See no Evil, Hear No Evil

Published: April 25, 2010

This is a cockle-warming family drama about the rewards of enriching one’s life by taking in a friendly stray dog off the street, and training it well. Only the pet is a poor, black boy from the projects.

Earlier this year, when Sandra Bullock won the Academy Award for Best Actress without the four horsemen of the apocalypse charging into Hollywood’s Kodak Theatre to declare the onset of the Armageddon, one was naturally filled with curiosity regarding the film that elevated her from Girl Next Door, to Girl Next Door to Meryl Streep.

And here’s an even bigger shocker – she wasn’t so awful. The film, on the other hand, was like a Walt Disney fairytale, though considerably less gritty. The title is a sporting allusion referring to American football. Sporting metaphors are what passes as philosophy for Americans. The Blind Side is based on the true story of African American football star (or at least the story was true till it passed from book form through the digestive system of several Hollywood screenwriters) and his rise from the depths of poverty to sporting stardom through utterly inexplicable interception of good Christian matriarch Leigh Anne Tuohy, as played by Bullock.

The sports is a mere MacGuffin. This is a cockle-warming family drama about the rewards of enriching one’s life by taking in a friendly stray dog off the street, and training it well. Only the pet is a poor, black boy from the projects, Borrowing heavily from depictions of Frankenstein’s monster, gentle giant Michael Oher (Quinton Aaron) is the itinerant, unloved son of a vagrant and a crack mother. Carrying his belongings (a spare T-shirt) in a plastic bag with him, he is lumbering about after school one day when he is spotted by Bullock and family.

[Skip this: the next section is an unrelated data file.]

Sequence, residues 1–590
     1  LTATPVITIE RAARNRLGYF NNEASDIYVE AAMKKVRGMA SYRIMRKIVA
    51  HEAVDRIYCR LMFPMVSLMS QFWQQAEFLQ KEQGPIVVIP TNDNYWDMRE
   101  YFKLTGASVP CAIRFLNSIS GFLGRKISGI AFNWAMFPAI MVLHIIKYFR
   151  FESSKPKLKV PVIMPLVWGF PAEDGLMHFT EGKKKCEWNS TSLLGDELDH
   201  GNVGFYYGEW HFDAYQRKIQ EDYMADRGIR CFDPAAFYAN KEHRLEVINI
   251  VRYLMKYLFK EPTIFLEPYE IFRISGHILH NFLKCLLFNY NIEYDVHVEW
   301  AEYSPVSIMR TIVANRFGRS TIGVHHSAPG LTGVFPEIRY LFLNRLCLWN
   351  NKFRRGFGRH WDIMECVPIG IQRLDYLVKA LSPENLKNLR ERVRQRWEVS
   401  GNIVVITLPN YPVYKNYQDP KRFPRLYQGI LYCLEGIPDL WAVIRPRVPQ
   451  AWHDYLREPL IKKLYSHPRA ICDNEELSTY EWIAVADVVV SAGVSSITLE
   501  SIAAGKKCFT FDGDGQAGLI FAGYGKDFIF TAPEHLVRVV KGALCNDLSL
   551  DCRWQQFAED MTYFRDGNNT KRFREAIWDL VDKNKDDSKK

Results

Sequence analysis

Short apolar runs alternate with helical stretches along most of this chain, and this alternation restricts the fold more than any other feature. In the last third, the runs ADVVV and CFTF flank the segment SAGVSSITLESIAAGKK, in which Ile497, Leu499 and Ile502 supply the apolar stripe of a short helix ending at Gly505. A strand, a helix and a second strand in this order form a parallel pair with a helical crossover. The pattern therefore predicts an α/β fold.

The Tuohy family inexplicably insists on taking Oher in for the night, blithely unconcerned with opening up one’s home to complete strangers, and completely glossing over the rich vein of racism that has historically run through Memphis society. Oher finds himself homed, clothed, fed, and on the receiving end of a new wardrobe, an expensive car and ultimately, the status of formal adoption. The ghetto where he grew up and the gun-toting gangbangers from his ‘hood are forgotten, and the moral of the story, one can’t help but feel, is that even some black people can be nice, as long as they are utterly toothless and can adapt to the ways of middle class white families.

The Blind Side is the first feel good film I have ever seen where not once is the viewer encouraged to feel bad. There isn’t, as can be expected with bringing a stranger into one’s life, the slightest awkwardness. On Oher’s part, there is only gratitude and unflagging loyalty. Even his one detractor, the crusty English Literature teacher, eventually succumbs to his charms. One can only applaud the director’s restraint in not having the ensemble cast hold hands and break into a song and dance sequence, as it would not have seemed either out of place nor unrealistic given the rest of the film. Bullock, for her part, is imminently watchable, because her protagonist is a woman who couldn’t possibly exist.

Whether she’s effortlessly raising her family, running her business, shaming her high society friends or doing the football coach’s work for him, Mrs Tuohy’s character is as nuanced as Superman, and like Superman, the protagonist gets ten out of ten for good intentions and no points at all for veracity.

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